Get it Right, Washington Post, Climate Change Isn’t Causing a Decline in Coral Reefs

The Washington Post (WP) published a story detailing how the efforts by a Malaysian “coral gardener,” Anuar Abdulla, to restore coral reefs near his home have resulted in him being consulted on coral restoration efforts globally. Unfortunately, rather than simply delivering well earned praise to Abdullah for his worthwhile efforts, the WP had to turn the story into another in its on-going “Climate Solutions” series, blaming coral decline on climate change. This is false. Some corals have declined in recent years, others have expanded, and new colonies have been discovered. Of those that have declined, there is little support for any link to climate change, and a great deal of evidence pointing to other factors being behind local coral declines.

In the story, titled “One man’s lonely quest to save the world’s corals draws a following,” reporter Rebecca Tan writes:

For nearly four decades, the coral gardener [Anuar Abdullah] worked alone.Abdullah has spent his entire adult life restoring coral reefs, until recently working in obscurity — and at times, in poverty.

In a world rapidly losing its reefs to climate change and to environmental damage, he is now emerging as an increasingly influential expert on how to revive them. Governments and resorts have come calling, asking whether he can help with reefs lost to natural disasters and overtourism.

Tan acknowledges factors besides climate change are contributing to coral decline. She should have explored those in greater detail and left off her misplaced climate change harangue because there is no data to support the claim that long term climate change is causing coral decline.

As discussed at Climate Realism, here, for example, corals are hardy and resilient. The first corals arose during the Cambrian Period about 535 million years ago and the number and type corals increased dramatically more than 400 million years ago, coming into existence when global temperatures and carbon dioxide concentrations were much higher than at present. Coral have proved adaptable, expanding their range, evolving, and thriving through periods of higher and lower temperatures than the Earth is either currently experiencing or can be reasonably expected to experience in the foreseeable future.

As discussed in Climate at a Glance: Coral Reefs, coral thrive in warm water, not cold water, and recent warming has allowed coral to expand their range poleward, while still thriving near the equator. Despite bleaching events, coral have expanded their range, and new coral reefs are discovered all the time. Science also shows that scientists have woefully undercounted the number or coral reefs and colonies in existence.

Nor, climate alarmists claims to the contrary, is there any evidence rising carbon dioxide levels are make Earth’s oceans and seas acidic. Since the oceans and seas are not becoming acidic, it is impossible for “ocean acidification” to be harming coral colonies.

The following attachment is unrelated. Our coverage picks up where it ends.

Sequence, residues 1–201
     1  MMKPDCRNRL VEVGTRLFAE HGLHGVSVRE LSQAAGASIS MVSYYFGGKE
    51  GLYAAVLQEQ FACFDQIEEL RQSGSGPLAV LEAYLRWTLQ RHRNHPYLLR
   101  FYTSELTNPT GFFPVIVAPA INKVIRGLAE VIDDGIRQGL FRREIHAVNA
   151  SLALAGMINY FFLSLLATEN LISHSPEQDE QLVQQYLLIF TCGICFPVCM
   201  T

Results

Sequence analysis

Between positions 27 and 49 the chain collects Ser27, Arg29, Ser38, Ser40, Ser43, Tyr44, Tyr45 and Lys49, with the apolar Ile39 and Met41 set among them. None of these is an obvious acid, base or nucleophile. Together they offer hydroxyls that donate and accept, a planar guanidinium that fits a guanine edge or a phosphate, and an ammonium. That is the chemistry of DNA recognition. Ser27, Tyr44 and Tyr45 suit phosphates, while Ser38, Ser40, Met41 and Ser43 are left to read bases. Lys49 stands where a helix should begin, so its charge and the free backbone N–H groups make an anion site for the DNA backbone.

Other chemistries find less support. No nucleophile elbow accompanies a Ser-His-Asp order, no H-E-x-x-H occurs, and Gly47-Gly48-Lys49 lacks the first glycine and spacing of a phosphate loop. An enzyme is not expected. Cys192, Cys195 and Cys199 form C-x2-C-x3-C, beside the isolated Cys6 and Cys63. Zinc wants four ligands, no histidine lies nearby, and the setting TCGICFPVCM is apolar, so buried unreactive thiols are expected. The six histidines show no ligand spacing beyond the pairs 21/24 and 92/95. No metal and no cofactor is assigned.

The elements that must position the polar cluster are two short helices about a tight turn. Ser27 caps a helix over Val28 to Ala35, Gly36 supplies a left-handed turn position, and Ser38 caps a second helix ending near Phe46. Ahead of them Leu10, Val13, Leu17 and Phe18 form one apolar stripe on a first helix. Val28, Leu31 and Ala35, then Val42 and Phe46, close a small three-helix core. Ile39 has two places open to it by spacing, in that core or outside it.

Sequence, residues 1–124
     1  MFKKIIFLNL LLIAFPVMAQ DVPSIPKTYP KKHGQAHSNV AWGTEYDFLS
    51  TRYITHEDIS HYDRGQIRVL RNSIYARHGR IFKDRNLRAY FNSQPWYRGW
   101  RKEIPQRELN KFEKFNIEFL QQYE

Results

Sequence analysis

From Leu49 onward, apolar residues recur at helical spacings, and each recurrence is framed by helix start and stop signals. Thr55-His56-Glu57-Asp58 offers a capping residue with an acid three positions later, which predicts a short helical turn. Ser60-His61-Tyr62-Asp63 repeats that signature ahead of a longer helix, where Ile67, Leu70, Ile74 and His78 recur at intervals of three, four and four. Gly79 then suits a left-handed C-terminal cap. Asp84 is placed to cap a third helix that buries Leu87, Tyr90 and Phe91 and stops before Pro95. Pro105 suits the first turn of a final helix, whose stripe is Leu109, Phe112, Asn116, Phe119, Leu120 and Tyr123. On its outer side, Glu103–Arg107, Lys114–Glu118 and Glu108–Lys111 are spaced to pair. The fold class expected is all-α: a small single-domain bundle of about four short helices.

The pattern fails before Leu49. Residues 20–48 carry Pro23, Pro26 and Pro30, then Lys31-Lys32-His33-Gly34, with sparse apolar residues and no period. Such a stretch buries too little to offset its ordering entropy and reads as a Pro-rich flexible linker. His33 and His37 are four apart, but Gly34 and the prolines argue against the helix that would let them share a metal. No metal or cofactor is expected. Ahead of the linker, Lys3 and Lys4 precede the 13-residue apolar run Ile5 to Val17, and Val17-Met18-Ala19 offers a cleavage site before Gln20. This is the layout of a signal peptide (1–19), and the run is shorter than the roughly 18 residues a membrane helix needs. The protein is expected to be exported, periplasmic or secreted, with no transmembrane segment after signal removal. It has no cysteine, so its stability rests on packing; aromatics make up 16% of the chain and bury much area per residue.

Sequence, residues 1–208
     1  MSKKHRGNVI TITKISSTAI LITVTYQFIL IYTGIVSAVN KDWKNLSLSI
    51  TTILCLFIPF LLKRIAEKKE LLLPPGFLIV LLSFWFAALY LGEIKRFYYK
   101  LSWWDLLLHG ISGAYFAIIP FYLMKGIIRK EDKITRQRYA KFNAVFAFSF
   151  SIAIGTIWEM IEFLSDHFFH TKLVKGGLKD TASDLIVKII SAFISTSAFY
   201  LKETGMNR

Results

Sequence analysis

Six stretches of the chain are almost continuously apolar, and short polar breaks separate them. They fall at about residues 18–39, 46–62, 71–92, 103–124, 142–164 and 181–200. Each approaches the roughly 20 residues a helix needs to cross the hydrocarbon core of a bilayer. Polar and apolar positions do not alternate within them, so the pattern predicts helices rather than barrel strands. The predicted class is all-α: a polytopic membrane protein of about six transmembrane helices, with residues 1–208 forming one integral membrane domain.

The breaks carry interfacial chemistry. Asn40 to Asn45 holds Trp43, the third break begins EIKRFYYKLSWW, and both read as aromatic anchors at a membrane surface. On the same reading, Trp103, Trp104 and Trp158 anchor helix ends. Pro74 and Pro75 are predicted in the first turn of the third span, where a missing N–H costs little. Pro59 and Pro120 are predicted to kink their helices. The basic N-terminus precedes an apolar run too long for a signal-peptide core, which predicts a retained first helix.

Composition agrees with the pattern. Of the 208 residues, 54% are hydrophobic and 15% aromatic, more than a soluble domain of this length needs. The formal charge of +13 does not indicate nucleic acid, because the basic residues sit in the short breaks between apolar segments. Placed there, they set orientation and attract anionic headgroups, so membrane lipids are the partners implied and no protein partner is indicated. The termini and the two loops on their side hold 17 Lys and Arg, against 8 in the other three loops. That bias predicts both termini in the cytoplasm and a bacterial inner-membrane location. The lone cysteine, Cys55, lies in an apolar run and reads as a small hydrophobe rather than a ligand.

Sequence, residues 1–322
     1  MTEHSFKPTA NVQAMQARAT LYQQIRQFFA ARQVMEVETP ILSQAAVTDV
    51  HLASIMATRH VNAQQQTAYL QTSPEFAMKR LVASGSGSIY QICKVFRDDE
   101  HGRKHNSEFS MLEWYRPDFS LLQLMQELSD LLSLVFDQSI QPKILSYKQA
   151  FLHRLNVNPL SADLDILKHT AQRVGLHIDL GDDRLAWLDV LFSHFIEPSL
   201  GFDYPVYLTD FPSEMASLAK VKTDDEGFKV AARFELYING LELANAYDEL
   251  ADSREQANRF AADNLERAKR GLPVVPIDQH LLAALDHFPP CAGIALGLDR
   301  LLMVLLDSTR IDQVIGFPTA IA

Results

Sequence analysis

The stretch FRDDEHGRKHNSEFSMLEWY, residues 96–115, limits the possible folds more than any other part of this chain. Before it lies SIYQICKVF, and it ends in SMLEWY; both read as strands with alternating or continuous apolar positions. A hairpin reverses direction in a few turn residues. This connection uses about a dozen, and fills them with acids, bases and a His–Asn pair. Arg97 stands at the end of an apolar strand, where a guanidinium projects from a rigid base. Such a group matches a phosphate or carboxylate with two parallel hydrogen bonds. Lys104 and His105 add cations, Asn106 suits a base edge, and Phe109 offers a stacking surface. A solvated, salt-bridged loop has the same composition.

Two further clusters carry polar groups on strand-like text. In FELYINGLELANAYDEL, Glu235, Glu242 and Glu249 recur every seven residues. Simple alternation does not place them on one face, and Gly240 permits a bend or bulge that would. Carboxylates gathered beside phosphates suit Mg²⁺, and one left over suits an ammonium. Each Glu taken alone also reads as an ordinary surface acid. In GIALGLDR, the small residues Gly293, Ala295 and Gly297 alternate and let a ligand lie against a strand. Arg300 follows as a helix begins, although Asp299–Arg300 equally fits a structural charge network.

If not warmer waters or ocean acidification, what factors are likely to have driven coral bleaching events in recent years. Tan named two of the culprits: natural disasters and overtourism. As explained in multiple Climate Realism posts other factors that have caused temporary or permanent damage to some coral colonies in various locations include: fishing and coral harvesting; coastal development and associated siltation and pollution; agricultural runoff; and pollution tied to sun block used by swimmers. While rapid influxes of warmer waters from natural shifts in ocean currents have caused temporary bleaching events on occasion, experience shows most coral recover from such events and multiple studies show corals can and do adapt to the gradual long-term pace of global warming.

Coral reefs are critical to ocean biodiversity. The world should be grateful for Anuar Abdulla’s efforts to restore coral reefs. He deserves all the praise he receives for this work. However, looking at coral reefs more broadly, in order to help coral reefs recover or make them more resilient to harmful impacts, one must first accurately identify the causes of their decline. The Washington Post, for the most part failed here. Because climate change isn’t harming coral reefs, trying to protect coral health by fighting global warming is a misplaced effort. Resources spent there, could be better applied to reducing or mitigating the true causes of coral losses—which, of course, is precisely what Abdulla is doing on a case by case basis.

H. Sterling Burnett
H. Sterling Burnett
H. Sterling Burnett, Ph.D., is the Director of the Arthur B. Robinson Center on Climate and Environmental Policy and the managing editor of Environment & Climate News. In addition to directing The Heartland Institute's Arthur B. Robinson Center on Climate and Environmental Policy, Burett puts Environment & Climate News together, is the editor of Heartland's Climate Change Weekly email, and the host of the Environment & Climate News Podcast.

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